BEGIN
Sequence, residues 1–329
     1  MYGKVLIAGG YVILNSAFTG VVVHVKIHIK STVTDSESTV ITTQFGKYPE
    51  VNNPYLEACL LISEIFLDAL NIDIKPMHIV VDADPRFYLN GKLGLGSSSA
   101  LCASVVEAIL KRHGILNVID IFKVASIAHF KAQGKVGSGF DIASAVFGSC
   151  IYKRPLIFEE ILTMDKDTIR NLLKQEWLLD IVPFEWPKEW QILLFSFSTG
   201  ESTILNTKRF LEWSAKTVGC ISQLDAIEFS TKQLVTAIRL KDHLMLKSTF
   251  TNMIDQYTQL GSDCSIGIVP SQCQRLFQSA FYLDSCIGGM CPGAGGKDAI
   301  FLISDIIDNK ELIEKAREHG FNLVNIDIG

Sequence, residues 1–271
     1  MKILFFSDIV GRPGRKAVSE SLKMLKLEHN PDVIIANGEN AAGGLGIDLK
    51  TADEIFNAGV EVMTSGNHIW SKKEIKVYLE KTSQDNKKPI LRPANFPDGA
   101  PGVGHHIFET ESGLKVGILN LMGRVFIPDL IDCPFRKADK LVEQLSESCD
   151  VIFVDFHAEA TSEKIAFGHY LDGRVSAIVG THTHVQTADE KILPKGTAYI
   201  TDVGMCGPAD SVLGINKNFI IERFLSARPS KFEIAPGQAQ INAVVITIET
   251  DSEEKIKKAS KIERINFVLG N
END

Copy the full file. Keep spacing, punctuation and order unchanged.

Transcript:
Sequence, residues 1–329
     1  MYGKVLIAGG YVILNSAFTG VVVHVKIHIK STVTDSESTV ITTQFGKYPE
    51  VNNPYLEACL LISEIFLDAL NIDIKPMHIV VDADPRFYLN GKLGLGSSSA
   101  LCASVVEAIL KRHGILNVID IFKVASIAHF KAQGKVGSGF DIASAVFGSC
   151  IYKRPLIFEE ILTMDKDTIR NLLKQEWLLD IVPFEWPKEW QILLFSFSTG
   201  ESTILNTKRF LEWSAKTVGC ISQLDAIEFS TKQLVTAIRL KDHLMLKSTF
   251  TNMIDQYTQL GSDCSIGIVP SQCQRLFQSA FYLDSCIGGM CPGAGGKDAI
   301  FLISDIIDNK ELIEKAREHG FNLVNIDIG

Sequence, residues 1–271
     1  MKILFFSDIV GRPGRKAVSE SLKMLKLEHN PDVIIANGEN AAGGLGIDLK
    51  TADEIFNAGV EVMTSGNHIW SKKEIKVYLE KTSQDNKKPI LRPANFPDGA
   101  PGVGHHIFET ESGLKVGILN LMGRVFIPDL IDCPFRKADK LVEQLSESCD
   151  VIFVDFHAEA TSEKIAFGHY LDGRVSAIVG THTHVQTADE KILPKGTAYI
   201  TDVGMCGPAD SVLGINKNFI IERFLSARPS KFEIAPGQAQ INAVVITIET
   251  DSEEKIKKAS KIERINFVLG N